Ask TreeHugger: Black Clouds and Air Conditioners
Question: Our air-conditioner has begun emitting black, soot-like particles when we turn it on. We've tried cleaning the filter but it continues. Are these particles dangerous? Does this mean that we need a new air conditioner? Also, how do you know if an air-conditioner is leaking freon?
Response: Window air conditioners contain rubber gaskets that can become brittle after many years of use. As a result, the rubber gaskets can eventually break apart into tiny pieces that can then be blown out of the air conditioner. If your air conditioner is more than several years old, the black dust is probably these little pieces of gasket that are blown from your air conditioner.
These gasket pieces are probably not dangerous. Since you can see the specks of the gasket, the gasket pieces are too big for you to breathe them into your lungs. It is possible that little gasket pieces can get into your body if they get blown on your food or if they get on your hands and you happen to eat them by mistake. But, eating these gasket pieces by accident are unlikely to be cause you any harm. Although not hazardous to your health, it makes sense that you will want to either fix the problem or get a new air conditioner. Fixing the problem should be as simple as replacing the problem gasket or gaskets. You may be able to get a replacement gasket through your air conditioner manufacturer or at your local hardware store. Your air conditioning manufacturer may also have a technical support line that could tell you how to check for leaking freon. If you do have a freon leak, however, you might have very little or no freon in your air conditioner, especially if your air conditioner has been sitting around for a while. If so, your air conditioner will no longer blow cold air -- a pretty sure sign that something is wrong!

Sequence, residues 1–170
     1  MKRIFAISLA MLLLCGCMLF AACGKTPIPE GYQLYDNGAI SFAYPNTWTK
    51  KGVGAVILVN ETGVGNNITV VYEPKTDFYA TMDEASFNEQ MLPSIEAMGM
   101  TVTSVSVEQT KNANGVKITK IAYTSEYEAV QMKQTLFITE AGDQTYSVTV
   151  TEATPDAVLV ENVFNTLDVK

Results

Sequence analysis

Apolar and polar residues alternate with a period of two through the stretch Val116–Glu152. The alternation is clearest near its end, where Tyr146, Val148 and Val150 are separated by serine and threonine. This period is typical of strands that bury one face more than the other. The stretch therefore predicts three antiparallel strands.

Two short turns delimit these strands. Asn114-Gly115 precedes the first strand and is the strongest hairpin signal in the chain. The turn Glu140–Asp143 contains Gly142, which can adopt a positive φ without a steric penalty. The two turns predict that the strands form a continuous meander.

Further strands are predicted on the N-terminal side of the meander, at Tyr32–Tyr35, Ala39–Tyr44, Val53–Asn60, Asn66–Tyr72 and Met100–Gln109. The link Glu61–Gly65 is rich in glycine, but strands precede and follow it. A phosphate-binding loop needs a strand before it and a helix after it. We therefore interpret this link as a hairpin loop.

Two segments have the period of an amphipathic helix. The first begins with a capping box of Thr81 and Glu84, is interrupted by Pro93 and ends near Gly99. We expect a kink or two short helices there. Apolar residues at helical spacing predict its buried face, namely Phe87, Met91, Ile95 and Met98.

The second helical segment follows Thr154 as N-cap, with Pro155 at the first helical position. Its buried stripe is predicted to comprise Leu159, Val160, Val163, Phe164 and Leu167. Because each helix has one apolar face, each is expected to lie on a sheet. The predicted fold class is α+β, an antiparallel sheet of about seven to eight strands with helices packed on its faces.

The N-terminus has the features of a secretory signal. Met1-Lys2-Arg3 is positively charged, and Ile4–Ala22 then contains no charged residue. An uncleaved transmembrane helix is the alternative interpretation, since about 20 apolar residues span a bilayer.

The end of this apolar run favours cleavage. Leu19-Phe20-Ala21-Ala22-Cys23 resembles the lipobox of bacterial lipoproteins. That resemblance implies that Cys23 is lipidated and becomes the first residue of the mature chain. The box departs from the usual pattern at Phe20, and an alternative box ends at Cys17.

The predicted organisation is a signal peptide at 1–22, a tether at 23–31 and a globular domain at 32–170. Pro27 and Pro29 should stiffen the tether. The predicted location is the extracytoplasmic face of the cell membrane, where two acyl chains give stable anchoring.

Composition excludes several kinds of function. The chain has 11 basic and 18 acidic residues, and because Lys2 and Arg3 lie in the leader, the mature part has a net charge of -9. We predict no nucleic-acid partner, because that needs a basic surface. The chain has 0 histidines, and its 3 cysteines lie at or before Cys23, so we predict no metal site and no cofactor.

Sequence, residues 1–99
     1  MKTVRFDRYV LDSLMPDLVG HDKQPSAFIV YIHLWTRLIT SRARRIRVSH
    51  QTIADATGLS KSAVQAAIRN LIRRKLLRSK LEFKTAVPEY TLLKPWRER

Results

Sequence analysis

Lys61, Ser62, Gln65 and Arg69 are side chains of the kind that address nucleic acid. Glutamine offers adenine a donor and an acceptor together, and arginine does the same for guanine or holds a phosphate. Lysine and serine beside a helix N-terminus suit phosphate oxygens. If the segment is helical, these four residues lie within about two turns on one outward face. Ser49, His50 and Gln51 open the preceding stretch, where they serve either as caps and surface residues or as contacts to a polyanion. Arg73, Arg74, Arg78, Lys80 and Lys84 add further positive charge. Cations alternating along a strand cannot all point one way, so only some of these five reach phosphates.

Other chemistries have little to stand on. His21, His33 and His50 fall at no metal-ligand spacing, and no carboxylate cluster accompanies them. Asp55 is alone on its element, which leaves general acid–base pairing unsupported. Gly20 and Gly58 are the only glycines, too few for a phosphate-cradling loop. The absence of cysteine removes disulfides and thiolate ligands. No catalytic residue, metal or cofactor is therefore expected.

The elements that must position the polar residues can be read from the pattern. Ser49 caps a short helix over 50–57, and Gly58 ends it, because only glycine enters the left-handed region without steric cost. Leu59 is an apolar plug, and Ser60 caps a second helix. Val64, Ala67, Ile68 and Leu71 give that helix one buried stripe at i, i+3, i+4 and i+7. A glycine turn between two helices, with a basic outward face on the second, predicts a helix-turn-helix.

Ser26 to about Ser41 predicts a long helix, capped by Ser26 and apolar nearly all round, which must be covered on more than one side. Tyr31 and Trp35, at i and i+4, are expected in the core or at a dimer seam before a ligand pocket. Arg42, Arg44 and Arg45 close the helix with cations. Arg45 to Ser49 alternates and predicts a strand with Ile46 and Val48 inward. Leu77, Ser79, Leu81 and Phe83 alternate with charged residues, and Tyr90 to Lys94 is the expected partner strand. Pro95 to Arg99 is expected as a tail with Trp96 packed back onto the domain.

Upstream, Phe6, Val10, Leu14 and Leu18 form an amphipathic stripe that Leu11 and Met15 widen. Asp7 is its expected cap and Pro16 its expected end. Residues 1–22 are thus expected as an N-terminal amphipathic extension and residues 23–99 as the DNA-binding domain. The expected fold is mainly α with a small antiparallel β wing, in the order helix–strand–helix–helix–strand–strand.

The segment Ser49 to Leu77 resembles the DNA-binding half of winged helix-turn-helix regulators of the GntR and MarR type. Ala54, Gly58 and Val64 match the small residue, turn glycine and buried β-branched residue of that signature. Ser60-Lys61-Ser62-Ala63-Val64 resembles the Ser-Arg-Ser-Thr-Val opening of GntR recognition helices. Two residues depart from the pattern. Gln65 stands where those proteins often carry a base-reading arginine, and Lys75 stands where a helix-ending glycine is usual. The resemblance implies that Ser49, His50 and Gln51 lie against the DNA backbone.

Previous Ask Treehugger columns can be found here.
Helen Suh MacIntosh is a professor in environmental health at Harvard University and studies how pollution behaves in the environment and how it affects people's health. Please keep in mind that her answers are just her interpretation of available information and should not be taken as the only viewpoint or solution to a problem. Use this column at your own risk. Having said this, please feel free to post any of your environmental health questions to Helen@TreeHugger.com